This section is from the book "Complete Self-Instructing Library Of Practical Photography", by J. B. Schriever. Also available from Amazon: Complete Self-Instructing Library Of Practical Photography.
Flashlight Compounds. It is not advisable for anyone to make their own mixtures, for if the process be not thoroughly understood and proper care exercised, there is great danger of serious accident resulting. Chlorate of Potash requires cautious handling. Excellent flashlight mixtures are on the market and obtainable from all dealers at a price fully as reasonable as you would be able to purchase the separate ingredients and mix them yourself. Mixtures and compounds must not, under any circumstances, be employed in the lamp intended for magnesium powder. If used in such lamps as soon as the powder is ignited an explosion would immediately occur. Specially constructed lamps are made for flashlight compounds, which are operated in one of three ways. In all instances, however, the powder is spread out over a flat surface, and not concealed in a closed chamber, as is the magnesium.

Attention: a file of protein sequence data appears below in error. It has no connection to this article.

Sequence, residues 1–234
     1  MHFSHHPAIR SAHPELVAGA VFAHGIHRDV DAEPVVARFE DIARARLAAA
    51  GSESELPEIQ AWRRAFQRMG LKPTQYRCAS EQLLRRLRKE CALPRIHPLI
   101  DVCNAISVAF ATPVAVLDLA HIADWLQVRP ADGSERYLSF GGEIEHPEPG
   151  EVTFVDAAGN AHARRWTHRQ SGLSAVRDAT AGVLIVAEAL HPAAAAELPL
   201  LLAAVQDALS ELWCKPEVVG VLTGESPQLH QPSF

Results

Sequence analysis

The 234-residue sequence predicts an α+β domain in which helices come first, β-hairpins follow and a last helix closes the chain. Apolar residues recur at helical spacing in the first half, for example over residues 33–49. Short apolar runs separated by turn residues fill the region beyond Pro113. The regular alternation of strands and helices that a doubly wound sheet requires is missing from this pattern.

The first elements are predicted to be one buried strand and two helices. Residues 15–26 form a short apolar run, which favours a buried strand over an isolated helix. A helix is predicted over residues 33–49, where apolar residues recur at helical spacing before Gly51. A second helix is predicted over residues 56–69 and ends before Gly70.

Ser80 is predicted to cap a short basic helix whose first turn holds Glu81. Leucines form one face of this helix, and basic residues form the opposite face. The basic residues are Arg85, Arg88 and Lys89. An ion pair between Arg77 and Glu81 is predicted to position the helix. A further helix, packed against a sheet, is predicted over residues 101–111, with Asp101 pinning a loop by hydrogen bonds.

479. The first, and most popular, method employed for igniting flashlight compounds, is to employ an alcohol flame. The alcohol flame is perfectly protected from the pan containing the powder and the flame is blown into the powder by means of a blow-pipe, thus igniting it. A second method is where an iron rod is automatically heated over the alcohol flame and when it is desired to make the flash, this red hot iron is forced into the powder. There is still another method where an electric current is employed, a fine piece of platinum wire being inserted underneath the powder between two binding posts. When the switch is set and the circuit completed, the electric current will heat the platinum wire red hot, thus setting off the powder.
480. A very simple flash-pistol is manufactured by the Eastman Kodak Company and sells for 50 cents. With this pistol any work on a small scale can be accomplished with little or no danger to the user. See Illustration No. 32. For larger work or purposes requiring more powder than the small cartridges contain, the style "D" Luxo lamp will be found very serviceable. See Illustration No. 33. If it is not possible to purchase a lamp in which to use the flashlight compound, an apparatus may be very easily constructed at home at little cost. A stand of some kind upon which to place the flashlight is essential, as it will be necessary to vary the height of the flash. A tin dust pan or a large sheet of tin or zinc may be placed on top of a box, small step-ladder, or some such support, which may be regulated at various heights, and the powder spread out on this pan or sheet of metal.
Illustration No. 33 See Paragraph No. 480.